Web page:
Sunni and Shiite Islam unite on one issue: a Jewish entity in the heart of the Muslim world is an abomination and an offense against Islam. It reverses the direction of Muhammadís conquests, and so opposes the natural order. It must be exterminated. Neither Hamas nor Iran makes any attempt to soften this message, or any pretense of supporting two states.

This war is more than a struggle for land. Land can be shared, but a divine mandate cannot be compromised. Only an examination of this warís religious roots will yield a full understanding of it. But this is an ugly truth that many are loath to face. Therefore terms like "Islamophobia" have gained currency, a politically loaded, intellectually dishonest word that is meant to suggest that anyone who dares to criticize Islam must be motivated not by reason but by fear, and hence by racism. The word "Islamophobia" itself implies that Islam is to be held above criticism, and equates criticism of a religion with bigotry. This is a clear attempt to stifle free inquiry into Islamís contributions to the problems we face today, and it must be rejected.

Criticism of Islam is not the same as anti-Muslim prejudice. The object of the former is a belief system; the object of the latter is people. It is possible to criticize a religion without fomenting hatred against the members of that religion. In fact, this is precisely the task that confronts us today. A religion is a set of beliefs, ideas, and practices. People are individuals.

We can, and we must, consider the destructive consequences of ideas. But if we use that as an excuse to justify a hatred of people, we become just like what we claim to oppose. It requires maturity and self-examination, but we must always meet people as individuals, never assuming without evidence what is in a personís heart, and never making generalizations condemning people we have not met and do not know. Muslims as people vary greatly, and many do not adhere to the most extreme forms of Islam (often misleadingly called "Islamism," as if they were not genuine forms of Islam, which they are. It is highly presumptuous for any non-Muslim to tell Iran and Saudi Arabia that they do not really practice Islam but some strange concoction called "Islamism," a Western term that is meaningless to Muslims).

There is as much variation within the Muslim community as within any other community on earth. Let us always judge others by their actions, not by our preconceptions.

Bearing this distinction in mind, we must make a place for the legitimate examination of Islam and its influence on the Israeli-Palestinian conflict. We need this kind of honest and exacting dialogue, or we risk falling into one of two extremes. We may find ourselves returning religious hatred with religious hatred, as some do who now call for a Christian crusade against the Muslim world. Or we may fall into the comforting but dangerous deception that all religions are really the same, share the same values and proclaim the same message. Self-deception can never save us from conflict and will not save the world. But returning hatred with hatred will also surely destroy it.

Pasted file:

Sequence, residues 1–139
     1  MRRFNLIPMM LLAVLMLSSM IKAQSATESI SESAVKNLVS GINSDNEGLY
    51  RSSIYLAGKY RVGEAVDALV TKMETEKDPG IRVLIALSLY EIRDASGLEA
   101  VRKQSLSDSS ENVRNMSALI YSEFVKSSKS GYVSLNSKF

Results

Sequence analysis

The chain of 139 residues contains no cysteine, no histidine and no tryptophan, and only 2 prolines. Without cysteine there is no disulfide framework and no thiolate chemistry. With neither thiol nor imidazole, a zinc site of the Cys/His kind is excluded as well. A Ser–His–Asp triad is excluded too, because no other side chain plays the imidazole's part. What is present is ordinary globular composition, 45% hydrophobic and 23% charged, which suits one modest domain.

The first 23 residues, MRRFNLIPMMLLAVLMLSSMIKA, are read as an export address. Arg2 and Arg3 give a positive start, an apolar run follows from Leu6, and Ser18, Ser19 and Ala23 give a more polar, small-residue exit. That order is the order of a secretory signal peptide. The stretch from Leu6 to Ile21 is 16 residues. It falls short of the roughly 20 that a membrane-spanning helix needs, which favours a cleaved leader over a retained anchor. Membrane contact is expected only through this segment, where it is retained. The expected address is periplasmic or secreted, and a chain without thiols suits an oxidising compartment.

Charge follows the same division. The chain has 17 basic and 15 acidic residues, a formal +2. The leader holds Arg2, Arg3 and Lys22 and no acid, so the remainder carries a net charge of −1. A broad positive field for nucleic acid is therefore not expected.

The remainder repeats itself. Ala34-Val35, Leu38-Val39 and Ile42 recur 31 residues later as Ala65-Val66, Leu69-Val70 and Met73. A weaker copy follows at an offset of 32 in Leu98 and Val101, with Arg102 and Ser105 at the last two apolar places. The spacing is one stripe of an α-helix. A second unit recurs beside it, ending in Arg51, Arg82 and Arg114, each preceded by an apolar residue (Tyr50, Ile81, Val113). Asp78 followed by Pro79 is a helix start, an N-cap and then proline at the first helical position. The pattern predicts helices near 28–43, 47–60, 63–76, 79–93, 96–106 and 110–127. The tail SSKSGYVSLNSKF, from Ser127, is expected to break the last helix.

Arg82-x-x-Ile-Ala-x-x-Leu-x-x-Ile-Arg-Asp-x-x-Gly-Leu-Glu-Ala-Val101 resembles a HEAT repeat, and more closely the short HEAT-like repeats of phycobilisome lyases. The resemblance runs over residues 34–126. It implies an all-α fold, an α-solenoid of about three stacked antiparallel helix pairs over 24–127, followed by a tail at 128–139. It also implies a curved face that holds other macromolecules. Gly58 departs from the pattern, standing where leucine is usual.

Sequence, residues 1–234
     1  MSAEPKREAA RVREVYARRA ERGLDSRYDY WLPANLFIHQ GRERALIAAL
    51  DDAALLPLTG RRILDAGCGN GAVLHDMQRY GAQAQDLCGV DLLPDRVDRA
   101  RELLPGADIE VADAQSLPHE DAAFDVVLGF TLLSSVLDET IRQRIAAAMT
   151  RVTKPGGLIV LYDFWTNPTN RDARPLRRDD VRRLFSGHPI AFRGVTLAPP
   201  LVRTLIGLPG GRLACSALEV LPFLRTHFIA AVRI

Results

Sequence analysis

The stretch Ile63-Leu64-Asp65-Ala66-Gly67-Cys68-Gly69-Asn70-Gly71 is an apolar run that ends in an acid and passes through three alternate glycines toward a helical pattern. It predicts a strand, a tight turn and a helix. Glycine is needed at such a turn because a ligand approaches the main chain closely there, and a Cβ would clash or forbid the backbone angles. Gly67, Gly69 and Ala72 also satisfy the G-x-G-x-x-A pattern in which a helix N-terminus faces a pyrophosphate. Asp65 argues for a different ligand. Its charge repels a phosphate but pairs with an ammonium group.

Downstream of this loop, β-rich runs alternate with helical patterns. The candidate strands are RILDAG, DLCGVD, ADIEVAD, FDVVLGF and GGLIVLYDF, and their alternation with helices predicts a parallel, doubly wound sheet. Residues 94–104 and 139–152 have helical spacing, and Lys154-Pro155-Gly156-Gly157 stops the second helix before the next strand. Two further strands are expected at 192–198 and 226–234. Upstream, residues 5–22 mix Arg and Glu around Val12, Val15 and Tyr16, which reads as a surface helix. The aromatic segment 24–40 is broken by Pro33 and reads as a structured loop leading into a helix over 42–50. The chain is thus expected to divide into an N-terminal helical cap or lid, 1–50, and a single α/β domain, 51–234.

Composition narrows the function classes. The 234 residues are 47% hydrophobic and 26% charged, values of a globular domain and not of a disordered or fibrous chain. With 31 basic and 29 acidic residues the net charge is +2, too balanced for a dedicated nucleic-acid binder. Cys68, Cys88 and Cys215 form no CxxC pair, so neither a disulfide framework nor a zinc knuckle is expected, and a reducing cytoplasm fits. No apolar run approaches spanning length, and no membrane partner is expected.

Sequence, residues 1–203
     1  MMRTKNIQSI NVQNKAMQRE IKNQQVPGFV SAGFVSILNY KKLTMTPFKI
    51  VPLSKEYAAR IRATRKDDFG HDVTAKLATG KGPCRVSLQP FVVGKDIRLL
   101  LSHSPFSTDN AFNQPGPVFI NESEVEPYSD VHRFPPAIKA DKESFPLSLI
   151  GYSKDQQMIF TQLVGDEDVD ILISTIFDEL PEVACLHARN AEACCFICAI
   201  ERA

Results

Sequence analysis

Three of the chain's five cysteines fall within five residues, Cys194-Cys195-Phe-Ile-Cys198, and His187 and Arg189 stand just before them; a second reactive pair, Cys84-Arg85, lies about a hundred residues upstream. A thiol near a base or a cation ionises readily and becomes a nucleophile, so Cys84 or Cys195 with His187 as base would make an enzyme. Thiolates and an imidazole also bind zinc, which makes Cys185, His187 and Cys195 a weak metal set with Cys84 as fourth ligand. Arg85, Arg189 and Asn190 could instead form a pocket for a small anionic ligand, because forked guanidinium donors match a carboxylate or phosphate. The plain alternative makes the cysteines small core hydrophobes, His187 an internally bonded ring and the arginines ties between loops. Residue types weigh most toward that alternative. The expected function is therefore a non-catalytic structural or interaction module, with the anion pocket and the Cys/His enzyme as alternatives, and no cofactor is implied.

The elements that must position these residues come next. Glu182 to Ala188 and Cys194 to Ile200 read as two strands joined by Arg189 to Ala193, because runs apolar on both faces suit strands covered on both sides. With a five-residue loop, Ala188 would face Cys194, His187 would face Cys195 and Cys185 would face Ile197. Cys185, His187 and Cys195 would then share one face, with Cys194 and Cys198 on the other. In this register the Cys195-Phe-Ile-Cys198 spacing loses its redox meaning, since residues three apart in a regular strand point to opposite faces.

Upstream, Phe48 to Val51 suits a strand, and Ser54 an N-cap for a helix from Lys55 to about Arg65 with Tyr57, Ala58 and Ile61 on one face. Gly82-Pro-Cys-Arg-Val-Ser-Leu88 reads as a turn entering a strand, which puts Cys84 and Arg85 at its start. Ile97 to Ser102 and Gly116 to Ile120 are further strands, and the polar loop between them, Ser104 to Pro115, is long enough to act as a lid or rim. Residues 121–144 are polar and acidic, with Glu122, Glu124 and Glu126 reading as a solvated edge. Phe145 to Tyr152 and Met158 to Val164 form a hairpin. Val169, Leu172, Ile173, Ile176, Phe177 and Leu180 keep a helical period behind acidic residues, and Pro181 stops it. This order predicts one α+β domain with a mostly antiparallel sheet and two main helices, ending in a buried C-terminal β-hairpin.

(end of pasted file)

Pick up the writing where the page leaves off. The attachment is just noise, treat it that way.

So those who want to spare the world from the ravages of religious extremism face a tough challenge. We need the courage to be honest in naming what we face, even though by doing so we risk excommunication by the politically correct orthodoxy. But we also need the self-discipline to keep from becoming like what we see. We cannot fight darkness with darkness, but only with the light of reason and of a genuine spirituality that does not justify hatred based upon religious and ethnic distinctions.

And this is precisely the point: When religion does make a virtue of racist hatred, as Islam certainly does when it wars against Israel, then masking that fact with obfuscating language like "Islamism" and "Islamophobia" protects us from facing an inconvenient truth. Back in the day when Christian anti-Semitism was dominant, Christianity, not "Christianism," was responsible. Fortunately Christianity has reformed and has greatly changed. The world still waits for an Islamic reformation, but the signs are not encouraging.

If those who oppose racism really mean what they say, then itís about time they faced these issues honestly, instead of using the charge of racism to silence those who point to racism in very uncomfortable places.


Gunter, Lorne. "As Goest Israel...." National Post, May 5, 2008.

Jerusalem Post Staff. "15 Wounded as Grad Rocket Strikes Ashkelon Shopping Mall." Jerusalem Post, May 14, 2008.

Jerusalem Post Staff. " Zahar: 'We Will Persecute the Zionists'." Jerusalem Post, May 14, 2008.